While we were taking our break on the bald, a very energetic young man came bouncing in off the trail.  He asked us how far the NOC was cause he was "ready to sit down!"  We told him it was a few miles and he said, "Oh, I'll make it," as he headed off down a path to the right of where we were standing...only the path he chose headed somewhere off the Bald and I'm pretty sure a decent size drop off.  We called after him and got him safely back onto the A.T.  The moral of the story here is:  STAY ON THE TRAIL!  His enthusiasm almost got him in trouble...we got a good laugh out of it all.  Soon after he departed, a young lady approached heading south.  She was wrapped up in complete winter gear:  long john's, a down jacket, a big scarf and a hat (it had to be every bit of 80 up on that bald, in full sun).  Come to find out, she managed to step right into that yellow jacket nest we'd been warned about.  She said she'd dropped her pack and ran but the angry bees still got her about 10 times.  She'd gone back and recovered her pack, taken some benedryl and then put on all her winter gear...she called it her "bee suit."  We assured her there were no other nests in the direction she was going so she shed the extra clothes.  We stayed with her for a bit longer just to make sure she was okay before loading up and heading out again.  We hadn't gone very far before we came across this sign:

Our final destination still 20 miles away...

We still had a long day ahead of us and that bee's nest was weighing heavy on my mind.  I did not want to get stung!  We continued on till we hit Locust Grove Gap before taking another short break.  We find that doing so about every couple of miles renews our spirits and gives our legs a much-needed rest.  We always feel better after shedding those packs for a few minutes.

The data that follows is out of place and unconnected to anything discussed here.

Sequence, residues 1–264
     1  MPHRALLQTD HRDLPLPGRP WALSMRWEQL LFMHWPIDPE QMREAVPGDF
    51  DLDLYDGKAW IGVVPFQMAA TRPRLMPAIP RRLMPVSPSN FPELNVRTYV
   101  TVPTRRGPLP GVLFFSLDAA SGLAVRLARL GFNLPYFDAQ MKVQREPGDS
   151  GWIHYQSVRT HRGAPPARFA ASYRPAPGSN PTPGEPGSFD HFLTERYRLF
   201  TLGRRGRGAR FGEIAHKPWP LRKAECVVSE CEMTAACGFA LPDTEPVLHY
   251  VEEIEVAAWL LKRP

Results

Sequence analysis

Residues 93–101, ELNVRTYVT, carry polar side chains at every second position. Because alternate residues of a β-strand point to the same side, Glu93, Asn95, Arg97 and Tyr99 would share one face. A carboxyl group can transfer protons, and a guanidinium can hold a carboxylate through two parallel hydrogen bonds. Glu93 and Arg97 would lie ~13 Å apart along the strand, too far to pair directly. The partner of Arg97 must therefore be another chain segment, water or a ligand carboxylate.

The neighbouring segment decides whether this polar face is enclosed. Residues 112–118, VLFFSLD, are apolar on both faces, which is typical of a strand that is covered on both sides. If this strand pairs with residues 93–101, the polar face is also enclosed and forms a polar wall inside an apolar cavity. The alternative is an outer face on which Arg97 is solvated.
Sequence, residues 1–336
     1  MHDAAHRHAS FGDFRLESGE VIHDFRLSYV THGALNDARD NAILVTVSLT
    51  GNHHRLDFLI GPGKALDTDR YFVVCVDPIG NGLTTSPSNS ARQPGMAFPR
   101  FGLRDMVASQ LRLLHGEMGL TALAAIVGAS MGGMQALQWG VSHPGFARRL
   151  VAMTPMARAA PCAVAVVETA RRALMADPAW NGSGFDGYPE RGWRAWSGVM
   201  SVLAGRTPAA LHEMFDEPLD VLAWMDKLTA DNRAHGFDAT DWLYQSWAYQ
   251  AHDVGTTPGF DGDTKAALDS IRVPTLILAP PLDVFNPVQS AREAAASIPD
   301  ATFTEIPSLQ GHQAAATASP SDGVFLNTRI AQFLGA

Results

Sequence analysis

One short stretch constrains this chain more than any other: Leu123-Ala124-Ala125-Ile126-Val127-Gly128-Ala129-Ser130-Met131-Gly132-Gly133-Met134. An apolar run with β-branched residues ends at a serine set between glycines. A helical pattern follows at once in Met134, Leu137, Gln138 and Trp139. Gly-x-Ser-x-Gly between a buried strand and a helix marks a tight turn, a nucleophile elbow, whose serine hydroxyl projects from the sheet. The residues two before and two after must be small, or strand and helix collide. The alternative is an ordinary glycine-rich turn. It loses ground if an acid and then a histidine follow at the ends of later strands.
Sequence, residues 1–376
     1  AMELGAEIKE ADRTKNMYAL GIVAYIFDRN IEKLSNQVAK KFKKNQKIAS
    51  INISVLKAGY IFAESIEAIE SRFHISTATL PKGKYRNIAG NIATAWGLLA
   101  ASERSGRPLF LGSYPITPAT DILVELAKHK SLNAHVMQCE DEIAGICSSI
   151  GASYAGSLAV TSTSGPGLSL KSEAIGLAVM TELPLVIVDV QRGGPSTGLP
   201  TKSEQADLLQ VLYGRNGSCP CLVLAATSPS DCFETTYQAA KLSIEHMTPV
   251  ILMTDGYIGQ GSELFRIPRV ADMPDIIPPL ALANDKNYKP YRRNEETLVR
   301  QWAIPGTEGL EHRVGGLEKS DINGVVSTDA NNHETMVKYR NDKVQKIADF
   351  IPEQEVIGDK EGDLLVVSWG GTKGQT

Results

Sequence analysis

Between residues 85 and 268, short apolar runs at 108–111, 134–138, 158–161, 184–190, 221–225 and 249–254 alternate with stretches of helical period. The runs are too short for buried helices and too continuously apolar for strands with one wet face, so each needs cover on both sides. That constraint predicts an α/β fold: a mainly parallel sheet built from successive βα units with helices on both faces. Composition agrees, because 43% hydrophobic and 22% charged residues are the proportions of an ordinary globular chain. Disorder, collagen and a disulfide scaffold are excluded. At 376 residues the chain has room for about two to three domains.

I suppose to the naked eye, this spot might not be very appealing but to us, all we see is a nice log to sit on and a spot to camp if we absolutely had to.  There's supposedly a water source here at Locust Grove Gap but we didn't take time to find it.  We had miles to cover (and a bee's nest to navigate)! We left the gap and proceeded with caution.  Lo and behold, my sister was actually able to spot those two sticks in that X formation lying right across the trail.  Honestly, I wasn't sure we'd be able to notice them...I mean...come on...two sticks laying across each other on the trail...not exactly an uncommon sight...but our fellow southbound hiker had found two fairly distinctive sticks to use and we plainly saw them.  So...this meant going off trail to circumnavigate that nest of (still) angry bees.  The vegetation was fairly dense so it wasn't exactly easy going considering our packs and all but we did finally manage to emerge on the other side of the nest with only a couple of scratches to show for it.  We found two large branches and left a mark for those heading south to see.  Hopefully we saved a few hikers from the fate of being stung and chased.  We found the nest about halfway between Locust Grove Gap and Simp Gap for anyone who wants to take note.  I'm fairly certain it will be there for quite a while so beware when going through this section!

As we proceeded north, we began to notice a bit more of the Fall colors....

We arrived at Stecoah Gap exhausted and ready to stop for the night but unfortunately this Gap encompasses a paved road and is not set up for camping.  There are picnic tables and if memory serves...which it often doesn't....there might have been trash cans.  I honestly can't remember.  We were tired and cranky with almost 3 miles to go to Brown Fork Gap shelter.  We asked a couple who had pulled up on a motorcycle what time it was....found it it was 4pm...and knew that we had to pick up the pace so we could reach the shelter with daylight to spare for setting up camp.  We're not much for doing that in the dark, by the way.